According to the researchers, this LPE bug exists in the filesystem layer that is used in all major Linux operating systems and helps to manage user data.
The flaw, dubbed ‘Sequoia’ and tracked as CVE-2021-33909, was discovered by the researchers from cybersecurity firm Qualys in June.
They noted in a blog post that an unprivileged local attacker can exploit CVE-2021-33909 by creating, mounting, and deleting a deep directory structure whose total path length exceeds 1 GB.
“Other Linux distributions are likely vulnerable and probably exploitable,” Bharat Jogi, senior manager, vulnerabilities and signatures at Qualys, stated.
The researchers said they were able to develop an exploit for the vulnerability and also used it to obtain full root privileges on default installations of Debian 11, Ubuntu 20.04, Ubuntu 20.10, Ubuntu 21.04, and Fedora 34 Workstation.
Separately, Qualys researchers have also disclosed details of a stack exhaustion denial-of-service (DoS) bug that could enable an unprivileged attacker to launch an attack against systemd (the system and service manager) and trigger a kernel panic.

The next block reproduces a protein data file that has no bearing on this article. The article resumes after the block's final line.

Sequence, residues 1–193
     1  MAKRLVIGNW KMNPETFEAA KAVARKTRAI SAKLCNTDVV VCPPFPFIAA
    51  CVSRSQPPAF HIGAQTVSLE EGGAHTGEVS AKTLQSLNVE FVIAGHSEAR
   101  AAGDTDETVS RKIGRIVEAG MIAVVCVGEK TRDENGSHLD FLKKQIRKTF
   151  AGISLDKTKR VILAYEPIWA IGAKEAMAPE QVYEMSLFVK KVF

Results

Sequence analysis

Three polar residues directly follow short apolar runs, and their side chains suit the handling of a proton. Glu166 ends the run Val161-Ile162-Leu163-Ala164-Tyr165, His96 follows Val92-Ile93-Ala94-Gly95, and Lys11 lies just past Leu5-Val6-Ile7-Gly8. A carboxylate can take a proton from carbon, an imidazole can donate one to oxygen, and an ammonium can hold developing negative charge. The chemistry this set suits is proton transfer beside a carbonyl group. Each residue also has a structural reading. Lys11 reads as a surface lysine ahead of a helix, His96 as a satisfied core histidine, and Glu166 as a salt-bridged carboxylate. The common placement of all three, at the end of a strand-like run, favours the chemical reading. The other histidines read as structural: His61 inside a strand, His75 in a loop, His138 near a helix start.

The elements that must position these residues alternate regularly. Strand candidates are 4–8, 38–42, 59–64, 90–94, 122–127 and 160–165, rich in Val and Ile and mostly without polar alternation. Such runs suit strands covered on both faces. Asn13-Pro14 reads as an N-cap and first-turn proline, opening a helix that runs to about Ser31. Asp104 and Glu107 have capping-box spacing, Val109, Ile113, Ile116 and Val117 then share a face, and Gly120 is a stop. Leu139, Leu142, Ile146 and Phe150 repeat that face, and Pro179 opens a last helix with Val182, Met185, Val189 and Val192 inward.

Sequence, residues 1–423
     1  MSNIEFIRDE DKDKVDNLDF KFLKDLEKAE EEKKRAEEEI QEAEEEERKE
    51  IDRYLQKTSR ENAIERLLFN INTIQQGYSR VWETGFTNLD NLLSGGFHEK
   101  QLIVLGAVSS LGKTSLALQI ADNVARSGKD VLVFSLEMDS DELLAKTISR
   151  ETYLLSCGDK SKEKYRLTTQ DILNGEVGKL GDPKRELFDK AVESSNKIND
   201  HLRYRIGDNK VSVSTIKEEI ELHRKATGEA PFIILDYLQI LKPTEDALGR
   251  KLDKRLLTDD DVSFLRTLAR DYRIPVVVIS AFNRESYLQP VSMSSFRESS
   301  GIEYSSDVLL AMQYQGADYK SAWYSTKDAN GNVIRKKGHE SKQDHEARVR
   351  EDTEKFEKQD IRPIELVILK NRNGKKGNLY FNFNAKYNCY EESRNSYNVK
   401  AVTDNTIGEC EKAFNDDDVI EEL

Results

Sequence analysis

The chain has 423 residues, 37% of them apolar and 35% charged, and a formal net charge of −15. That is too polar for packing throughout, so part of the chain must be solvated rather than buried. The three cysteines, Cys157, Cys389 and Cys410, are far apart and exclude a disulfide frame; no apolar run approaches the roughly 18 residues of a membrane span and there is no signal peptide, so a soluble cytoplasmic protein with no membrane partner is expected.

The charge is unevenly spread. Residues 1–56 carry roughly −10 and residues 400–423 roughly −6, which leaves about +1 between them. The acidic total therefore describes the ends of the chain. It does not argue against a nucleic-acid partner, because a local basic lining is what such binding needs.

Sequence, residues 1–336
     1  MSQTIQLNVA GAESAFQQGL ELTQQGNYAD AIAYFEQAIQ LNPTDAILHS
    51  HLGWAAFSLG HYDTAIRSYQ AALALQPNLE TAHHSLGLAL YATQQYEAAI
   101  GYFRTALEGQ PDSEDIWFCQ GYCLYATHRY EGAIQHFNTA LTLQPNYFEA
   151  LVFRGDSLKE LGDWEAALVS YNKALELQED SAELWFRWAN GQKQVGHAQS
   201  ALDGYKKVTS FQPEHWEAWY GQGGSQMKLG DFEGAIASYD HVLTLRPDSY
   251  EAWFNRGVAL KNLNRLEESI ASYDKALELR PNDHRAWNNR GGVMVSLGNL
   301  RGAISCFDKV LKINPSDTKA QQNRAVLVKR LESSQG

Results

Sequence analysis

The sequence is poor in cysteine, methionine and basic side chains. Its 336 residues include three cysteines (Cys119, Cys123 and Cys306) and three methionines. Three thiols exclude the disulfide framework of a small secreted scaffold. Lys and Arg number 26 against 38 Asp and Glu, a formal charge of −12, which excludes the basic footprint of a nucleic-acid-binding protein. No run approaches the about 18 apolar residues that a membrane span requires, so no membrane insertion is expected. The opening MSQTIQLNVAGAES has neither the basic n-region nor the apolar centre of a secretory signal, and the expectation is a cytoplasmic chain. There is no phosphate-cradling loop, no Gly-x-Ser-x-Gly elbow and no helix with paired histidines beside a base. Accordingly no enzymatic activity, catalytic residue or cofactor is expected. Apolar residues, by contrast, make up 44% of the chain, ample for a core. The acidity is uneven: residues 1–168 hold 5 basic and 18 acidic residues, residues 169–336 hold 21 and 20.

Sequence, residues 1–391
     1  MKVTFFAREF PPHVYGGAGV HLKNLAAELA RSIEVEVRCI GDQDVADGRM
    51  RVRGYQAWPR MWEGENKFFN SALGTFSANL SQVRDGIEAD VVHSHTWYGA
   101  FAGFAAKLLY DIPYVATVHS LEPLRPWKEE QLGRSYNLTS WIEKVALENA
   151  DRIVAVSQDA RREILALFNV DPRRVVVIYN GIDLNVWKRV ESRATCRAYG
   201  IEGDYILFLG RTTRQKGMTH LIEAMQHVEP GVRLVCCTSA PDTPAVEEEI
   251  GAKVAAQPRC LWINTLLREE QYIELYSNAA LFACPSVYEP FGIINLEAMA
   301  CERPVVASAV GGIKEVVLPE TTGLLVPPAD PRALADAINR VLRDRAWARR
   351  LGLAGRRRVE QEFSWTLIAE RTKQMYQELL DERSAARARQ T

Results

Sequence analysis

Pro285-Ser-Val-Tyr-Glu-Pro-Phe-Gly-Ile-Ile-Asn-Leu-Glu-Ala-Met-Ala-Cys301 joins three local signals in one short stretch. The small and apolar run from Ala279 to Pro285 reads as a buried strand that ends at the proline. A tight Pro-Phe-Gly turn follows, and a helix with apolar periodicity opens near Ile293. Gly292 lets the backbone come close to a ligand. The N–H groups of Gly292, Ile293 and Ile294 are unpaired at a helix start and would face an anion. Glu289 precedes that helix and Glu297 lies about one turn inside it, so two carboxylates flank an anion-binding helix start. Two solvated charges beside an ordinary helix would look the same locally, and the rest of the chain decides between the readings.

systemd is a software suite available in most Linux operating systems and used to start all other system components after booting.
The vulnerability, tracked as CVE-2021-33910, was introduced in systemd v220 in April 2015 and impacts all systemd versions released since then. The bug requires a local attacker with the ability to mount a filesystem with a long path, according to researchers.
Qualys notified Red Hat Product Security about the two flaws in early June, and earlier this month Red Hat sent the patches to the linux-distros@openwall mailing list. Red Hat has also released a vulnerability detection script for customers to determine if their machine is currently vulnerable.
Users running affected versions of Red Hat products are also advised to apply the available patches as soon as possible. A patch was not available for Ubuntu-based systems at the time of writing. The details of these two bugs come about a month after security researchers discovered a seven-year-old vulnerability in several Linux distributions, which enabled unprivileged local users to bypass authorisation and gain root access.
The bug existed in Polkit System Service and was patched last month. In 2017, Positive Technologies’ researcher Alexander Popov had found an old flaw in a Linux kernel that was introduced to the code in 2009.
Another old Linux security flaw, referred to as ‘Dirty COW’ zero-day, was introduced in 2007 and patched in 2016. It was used in many attacks before being patched.